In a dialogue with the critic in session 4 her critical voice begins to soften and both her grief over having not been loved and a sense of worth emerge. "Even though Mom and Dad didn't love me or didn't show me any love, it wasn't because I was unlovable; it was just because they were incapable of those emotions. They don't know how to—they still don't know how to love." The client does not experience the hopelessness that had been so predominant in her earlier sessions again.
Later in session 7, the client and the therapist work to identify the way in which the client blocks her feeling of wanting to be loved to protect against the pain of having her needs not met. In session 9 enacting her "interrupter" she says to herself "You're wasting your time feeling bad cause you want them; they are not there. So it's best for you to shut your feelings off and not need them. That's what I do in my life. When people hurt me enough I get to that point where I actually can imagine, I literally cut them out of my life like I did with my mother."
In sessions 7 through 9, the client continues to explore the two different sides to her experience: the critic that attempts to protect her through controlling and shutting off needs and the experiencing self that wants to be loved and accepted. She continues to define and speak from both voices and expresses a range of sadness, anger, and pain/hurt. The hopelessness that was so dominant in the early sessions now is virtually nonexistent. The voice that wants love and acceptance becomes stronger, and the critic softens to express acceptance of this part of her. At the same time she is feeling much better and activation of her negative feelings decrease.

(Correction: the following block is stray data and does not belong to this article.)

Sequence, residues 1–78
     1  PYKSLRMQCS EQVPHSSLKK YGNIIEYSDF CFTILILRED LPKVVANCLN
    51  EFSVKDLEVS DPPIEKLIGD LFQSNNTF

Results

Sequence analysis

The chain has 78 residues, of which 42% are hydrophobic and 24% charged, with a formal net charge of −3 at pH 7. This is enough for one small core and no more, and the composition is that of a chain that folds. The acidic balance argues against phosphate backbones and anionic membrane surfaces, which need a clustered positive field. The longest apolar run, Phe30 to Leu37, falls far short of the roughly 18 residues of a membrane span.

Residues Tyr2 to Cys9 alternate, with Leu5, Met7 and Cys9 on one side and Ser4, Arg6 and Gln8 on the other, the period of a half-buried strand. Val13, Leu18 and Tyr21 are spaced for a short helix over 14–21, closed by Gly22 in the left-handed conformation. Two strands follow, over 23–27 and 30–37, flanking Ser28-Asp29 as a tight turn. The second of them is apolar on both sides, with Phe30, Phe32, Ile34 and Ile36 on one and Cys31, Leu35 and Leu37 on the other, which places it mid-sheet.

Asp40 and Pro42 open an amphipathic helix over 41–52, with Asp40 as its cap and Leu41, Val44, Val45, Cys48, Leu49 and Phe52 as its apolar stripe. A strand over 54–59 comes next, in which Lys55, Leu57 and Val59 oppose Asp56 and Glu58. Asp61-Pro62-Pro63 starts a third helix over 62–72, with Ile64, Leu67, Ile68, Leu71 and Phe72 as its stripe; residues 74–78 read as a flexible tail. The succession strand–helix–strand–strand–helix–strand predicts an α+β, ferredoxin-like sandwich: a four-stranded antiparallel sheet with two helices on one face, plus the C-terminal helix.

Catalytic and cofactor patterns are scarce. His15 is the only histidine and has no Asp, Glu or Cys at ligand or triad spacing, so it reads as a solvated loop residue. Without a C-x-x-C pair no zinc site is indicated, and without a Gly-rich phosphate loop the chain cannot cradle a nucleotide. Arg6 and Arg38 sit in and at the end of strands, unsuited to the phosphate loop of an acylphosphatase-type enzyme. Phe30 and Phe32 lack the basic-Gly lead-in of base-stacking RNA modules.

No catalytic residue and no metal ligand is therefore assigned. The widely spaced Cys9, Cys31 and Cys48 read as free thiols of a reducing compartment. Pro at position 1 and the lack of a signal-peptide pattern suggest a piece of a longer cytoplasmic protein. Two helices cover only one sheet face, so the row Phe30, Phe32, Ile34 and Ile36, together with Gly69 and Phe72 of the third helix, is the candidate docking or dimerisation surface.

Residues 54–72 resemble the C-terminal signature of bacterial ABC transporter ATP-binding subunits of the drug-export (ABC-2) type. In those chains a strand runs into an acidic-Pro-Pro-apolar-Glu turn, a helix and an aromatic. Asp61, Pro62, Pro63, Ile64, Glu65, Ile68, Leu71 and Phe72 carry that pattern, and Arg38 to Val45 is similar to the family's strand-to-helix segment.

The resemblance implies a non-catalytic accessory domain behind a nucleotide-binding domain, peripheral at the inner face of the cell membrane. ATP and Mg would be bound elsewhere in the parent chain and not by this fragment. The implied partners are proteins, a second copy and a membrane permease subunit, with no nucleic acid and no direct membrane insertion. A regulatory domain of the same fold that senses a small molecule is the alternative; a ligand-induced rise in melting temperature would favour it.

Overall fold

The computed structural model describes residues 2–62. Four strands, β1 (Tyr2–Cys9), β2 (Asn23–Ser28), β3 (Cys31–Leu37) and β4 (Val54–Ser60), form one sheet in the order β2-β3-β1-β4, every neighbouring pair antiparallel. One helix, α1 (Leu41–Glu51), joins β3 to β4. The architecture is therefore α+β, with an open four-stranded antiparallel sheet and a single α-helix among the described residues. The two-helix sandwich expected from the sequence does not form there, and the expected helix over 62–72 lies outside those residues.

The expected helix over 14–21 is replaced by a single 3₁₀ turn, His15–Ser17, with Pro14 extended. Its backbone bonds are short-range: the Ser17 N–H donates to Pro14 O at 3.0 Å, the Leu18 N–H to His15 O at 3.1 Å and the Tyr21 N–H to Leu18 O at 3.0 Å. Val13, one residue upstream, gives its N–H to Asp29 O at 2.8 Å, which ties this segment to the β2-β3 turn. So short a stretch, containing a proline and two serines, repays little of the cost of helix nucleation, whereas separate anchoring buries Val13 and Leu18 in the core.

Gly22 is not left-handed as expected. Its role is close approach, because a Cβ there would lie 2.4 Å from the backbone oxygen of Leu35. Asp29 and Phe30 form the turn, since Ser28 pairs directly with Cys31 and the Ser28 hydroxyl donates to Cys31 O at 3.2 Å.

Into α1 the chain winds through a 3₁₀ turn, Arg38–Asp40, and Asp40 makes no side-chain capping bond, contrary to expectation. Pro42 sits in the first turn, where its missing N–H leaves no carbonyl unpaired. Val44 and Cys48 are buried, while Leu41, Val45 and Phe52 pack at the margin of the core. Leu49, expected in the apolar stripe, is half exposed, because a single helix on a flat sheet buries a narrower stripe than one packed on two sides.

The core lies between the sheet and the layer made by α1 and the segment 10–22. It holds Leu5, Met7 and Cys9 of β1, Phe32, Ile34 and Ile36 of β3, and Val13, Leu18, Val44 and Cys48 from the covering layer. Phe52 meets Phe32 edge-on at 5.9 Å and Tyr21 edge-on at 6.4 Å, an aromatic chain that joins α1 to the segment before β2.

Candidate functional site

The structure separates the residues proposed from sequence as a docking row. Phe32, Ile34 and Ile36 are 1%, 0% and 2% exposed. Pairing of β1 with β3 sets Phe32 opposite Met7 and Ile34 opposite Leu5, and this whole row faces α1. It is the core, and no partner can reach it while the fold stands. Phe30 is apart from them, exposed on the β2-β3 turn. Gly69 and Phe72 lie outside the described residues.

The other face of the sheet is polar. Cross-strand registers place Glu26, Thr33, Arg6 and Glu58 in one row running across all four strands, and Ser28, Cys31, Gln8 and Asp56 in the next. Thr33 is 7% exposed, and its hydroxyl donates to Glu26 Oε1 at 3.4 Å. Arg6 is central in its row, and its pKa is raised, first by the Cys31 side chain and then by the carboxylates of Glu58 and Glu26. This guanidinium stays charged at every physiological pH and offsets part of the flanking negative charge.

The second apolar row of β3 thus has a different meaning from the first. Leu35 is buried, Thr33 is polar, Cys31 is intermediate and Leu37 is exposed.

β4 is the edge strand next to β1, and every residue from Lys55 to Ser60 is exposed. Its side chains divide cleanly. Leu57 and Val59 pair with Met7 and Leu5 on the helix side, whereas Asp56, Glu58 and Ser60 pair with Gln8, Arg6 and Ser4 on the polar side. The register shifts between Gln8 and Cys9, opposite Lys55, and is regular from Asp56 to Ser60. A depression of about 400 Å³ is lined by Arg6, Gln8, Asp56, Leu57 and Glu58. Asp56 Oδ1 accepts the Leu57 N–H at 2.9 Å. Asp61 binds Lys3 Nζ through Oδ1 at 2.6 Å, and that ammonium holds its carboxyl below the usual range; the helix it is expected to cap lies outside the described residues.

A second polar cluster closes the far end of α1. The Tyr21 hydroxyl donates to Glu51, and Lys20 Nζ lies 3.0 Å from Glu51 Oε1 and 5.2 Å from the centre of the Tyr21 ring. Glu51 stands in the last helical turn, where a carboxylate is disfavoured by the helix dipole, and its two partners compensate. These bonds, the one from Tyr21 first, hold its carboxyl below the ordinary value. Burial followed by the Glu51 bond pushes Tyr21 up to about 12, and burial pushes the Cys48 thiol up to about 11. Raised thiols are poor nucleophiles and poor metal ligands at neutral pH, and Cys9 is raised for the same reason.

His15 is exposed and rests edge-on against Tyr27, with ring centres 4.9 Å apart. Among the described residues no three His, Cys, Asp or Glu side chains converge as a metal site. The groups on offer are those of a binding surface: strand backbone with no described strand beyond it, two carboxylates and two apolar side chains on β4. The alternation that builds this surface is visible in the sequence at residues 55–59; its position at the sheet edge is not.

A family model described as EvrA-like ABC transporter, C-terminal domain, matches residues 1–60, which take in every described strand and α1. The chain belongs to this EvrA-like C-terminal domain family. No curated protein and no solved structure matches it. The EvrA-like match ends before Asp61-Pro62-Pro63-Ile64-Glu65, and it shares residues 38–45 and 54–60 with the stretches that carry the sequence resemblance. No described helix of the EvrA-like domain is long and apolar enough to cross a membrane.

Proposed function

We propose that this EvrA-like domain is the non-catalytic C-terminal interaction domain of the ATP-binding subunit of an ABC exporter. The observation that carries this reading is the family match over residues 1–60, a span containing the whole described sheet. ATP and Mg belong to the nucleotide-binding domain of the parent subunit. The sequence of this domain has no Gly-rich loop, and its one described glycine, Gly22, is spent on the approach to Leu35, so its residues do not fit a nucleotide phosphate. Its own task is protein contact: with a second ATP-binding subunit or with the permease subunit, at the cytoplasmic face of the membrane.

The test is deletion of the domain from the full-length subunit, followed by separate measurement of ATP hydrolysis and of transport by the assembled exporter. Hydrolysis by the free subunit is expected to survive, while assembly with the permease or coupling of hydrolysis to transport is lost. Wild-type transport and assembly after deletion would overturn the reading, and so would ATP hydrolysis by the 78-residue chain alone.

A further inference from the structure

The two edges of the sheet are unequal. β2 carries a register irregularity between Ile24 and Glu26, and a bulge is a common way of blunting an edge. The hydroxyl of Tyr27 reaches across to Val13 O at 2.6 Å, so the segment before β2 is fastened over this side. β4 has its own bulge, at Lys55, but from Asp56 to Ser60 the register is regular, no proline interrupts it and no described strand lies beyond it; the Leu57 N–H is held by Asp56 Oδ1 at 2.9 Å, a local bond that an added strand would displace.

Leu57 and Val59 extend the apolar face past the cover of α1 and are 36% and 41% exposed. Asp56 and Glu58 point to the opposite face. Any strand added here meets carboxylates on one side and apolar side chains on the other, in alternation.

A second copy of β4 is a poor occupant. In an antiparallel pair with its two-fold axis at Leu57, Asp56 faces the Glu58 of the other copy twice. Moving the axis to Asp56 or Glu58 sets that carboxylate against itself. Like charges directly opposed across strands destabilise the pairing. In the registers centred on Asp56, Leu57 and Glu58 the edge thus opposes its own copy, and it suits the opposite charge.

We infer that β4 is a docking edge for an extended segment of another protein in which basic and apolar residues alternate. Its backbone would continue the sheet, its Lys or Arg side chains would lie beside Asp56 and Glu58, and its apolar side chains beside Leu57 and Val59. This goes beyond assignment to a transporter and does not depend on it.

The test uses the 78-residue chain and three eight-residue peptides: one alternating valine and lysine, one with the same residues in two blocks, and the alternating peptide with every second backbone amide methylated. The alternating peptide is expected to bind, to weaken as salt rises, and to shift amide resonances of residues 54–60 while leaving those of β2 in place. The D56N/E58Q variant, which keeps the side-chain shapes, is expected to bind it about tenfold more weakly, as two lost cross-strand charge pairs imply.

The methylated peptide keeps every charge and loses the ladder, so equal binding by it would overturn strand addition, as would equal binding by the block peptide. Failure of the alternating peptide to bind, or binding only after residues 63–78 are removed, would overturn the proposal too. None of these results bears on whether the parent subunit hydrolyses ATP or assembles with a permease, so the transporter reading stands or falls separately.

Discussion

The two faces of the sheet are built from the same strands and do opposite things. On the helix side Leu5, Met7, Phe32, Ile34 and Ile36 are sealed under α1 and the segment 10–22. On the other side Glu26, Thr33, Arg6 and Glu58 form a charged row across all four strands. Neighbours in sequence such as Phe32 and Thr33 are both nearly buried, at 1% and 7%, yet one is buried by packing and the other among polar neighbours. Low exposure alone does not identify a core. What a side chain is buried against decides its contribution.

Having processed her anger and her sadness and transformed her shame, she takes a more compassionate and understanding position to her father: a key empirically demonstrated process of change. In an empty-chair dialogue with her father in session 10 she says "I understand that you've gone through a lot of pain in your life and probably because of this pain, because of the things you've seen, you've withdrawn. You're afraid to maybe give love the way it should be given and to get too close to anybody because it means you might lose them. You know and I can understand that now, whereas growing up I couldn't understand." She is also able to hold him accountable for the ways that he disappointed and hurt her while also allowing her compassion to be central in the development of a new understanding of his inner struggles.
In talking about the dialogue at the end of the session, the client says "I feel relief that I don't have this anger sitting on my chest anymore." By the end of this 14-session therapy her shame-based core maladaptive belief that "I am not worth loving" has shifted to include the emotional meaning that her father experienced his own pain in his life and that this pain led him to be less available to behave in loving ways toward her or her sisters. Needing to be loved no longer triggers hopelessness, and she is now more able to communicate her needs, to protect herself from feeling inadequate, and to be closer to her sisters.